Reading is most definitely one of the best ways that I have found to relax, unwind, defrag, and […]
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If you can keep your head when all about you Are losing theirs and blaming it on […]
My second-story master bedroom has two southwest-facing windows. One of them has a treadmill facing out to where […]
Motivation. I’m struggling with it at the moment. Today is not the best day to write about motivation, […]
Today I was doing my normal news/blog skim and came across an article written by a blogger about a gentleman who seems to have some noble goals. It started off well. The piece was about this guy’s goals of helping others in his generation (my generation) to become leaders, find their personal successes, and build their independence. I can get on board with all of those ideas. As a matter of fact, I’m working to do strikingly similar things and began to seriously consider reaching out to him to see if we may be able to brainstorm together or if I might learn something from him. He seemed like a cool guy. Let me say that again with some emphasis, he SEEMED like a cool guy. What I mean is that he was actively working to make himself seem interesting and cool. The conceit was almost palpable.
“There are five dangerous faults which may affect a general: (1) Recklessness, which leads to destruction; (2) cowardice, which leads to capture; (3) a hasty temper, which can be provoked by insults; (4) a delicacy of honor which is sensitive to shame; (5) over-solicitude for his men, which exposes him to worry and trouble. These are the five besetting sins of a general, ruinous to the conduct of war.” -Sun Tzu “The Art of War”
I recently wrote an article based on a quote on Sun Tzu’s “The Art of War” and here I am doing it again. What can I say other than I have noticed that on occasion an individual can write down an idea that seems to transcend time and culture. This seems to be the case again with Sun Tzu and his 5 Disastrous Faults of a General. “The Art of War” has been studied for centuries for both its application to warfare as well as the use of its principle in business. Though the 5 Disastrous Faults were written about over 2,000 years ago, they still apply in the present era. Here is a list of Sun Tzu’s 5 Disastrous Faults of a General and how you can avoid them to maintain effective leadership.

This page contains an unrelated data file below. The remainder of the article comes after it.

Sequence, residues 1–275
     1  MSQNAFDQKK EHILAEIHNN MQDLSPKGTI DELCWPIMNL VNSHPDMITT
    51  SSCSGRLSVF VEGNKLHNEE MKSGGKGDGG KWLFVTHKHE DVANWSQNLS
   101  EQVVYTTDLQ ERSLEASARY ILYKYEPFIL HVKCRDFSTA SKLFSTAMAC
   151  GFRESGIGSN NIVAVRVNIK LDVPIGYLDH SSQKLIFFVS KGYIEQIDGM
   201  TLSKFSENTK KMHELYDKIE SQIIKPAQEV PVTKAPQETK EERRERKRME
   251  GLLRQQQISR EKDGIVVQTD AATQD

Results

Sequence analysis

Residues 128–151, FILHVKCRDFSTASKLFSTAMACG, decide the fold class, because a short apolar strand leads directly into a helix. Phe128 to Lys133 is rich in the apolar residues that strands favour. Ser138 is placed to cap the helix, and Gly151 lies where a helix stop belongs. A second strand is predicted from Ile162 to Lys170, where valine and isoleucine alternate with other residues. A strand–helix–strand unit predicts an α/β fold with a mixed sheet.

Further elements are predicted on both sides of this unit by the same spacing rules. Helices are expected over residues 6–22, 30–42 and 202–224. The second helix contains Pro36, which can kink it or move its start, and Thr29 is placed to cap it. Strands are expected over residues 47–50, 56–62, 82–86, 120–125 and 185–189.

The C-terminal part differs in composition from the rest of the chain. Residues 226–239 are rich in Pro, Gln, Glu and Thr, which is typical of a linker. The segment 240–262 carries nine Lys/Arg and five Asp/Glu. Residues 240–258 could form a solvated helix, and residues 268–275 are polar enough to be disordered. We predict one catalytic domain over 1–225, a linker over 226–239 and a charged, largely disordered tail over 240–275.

You’re busy. I get it. You probably have more on your plate than you know what to do with and feel that you don’t have much time to read today’s post. That’s OK, I’ll be quick.
In this article my goal is to help you break away from your immediate situation and look at the bigger picture of YOU. Today is not about your team or target market/audience. It is not about your business or boss.
“Maneuvering with an army is advantageous, with an undisciplined multitude, most dangerous.” -Sun Tzu “The Art of War”
If you have been in a leadership role for any amount of time you should realize by now that there is no efficient way in which you can create significant change alone. You may have some fantastic ideas and even build momentum in executing the initial steps of your plans, but you need other like-minded people to come together in order to see great things through to completion. This group of individuals is central to your success in making lasting positive change in our culture. Great leaders understand that they CAN’T do it alone.
Put everything but these words out of your mind for just a moment. Get rid of any thoughts of work, projects at home, hopes, dreams, and side-hustles. Resist the urge to skim these lines. Focus for just a few moments. I would like for you to stop and ask yourself a question.
Are you ready?
Okay, here it is.
Last week I learned the meaning of Benjamin Franklin’s quote “One today is worth two tomorrows.”. Well, I suppose it was more like getting hit by a freight train than a simple lesson learned. Here’s what happened: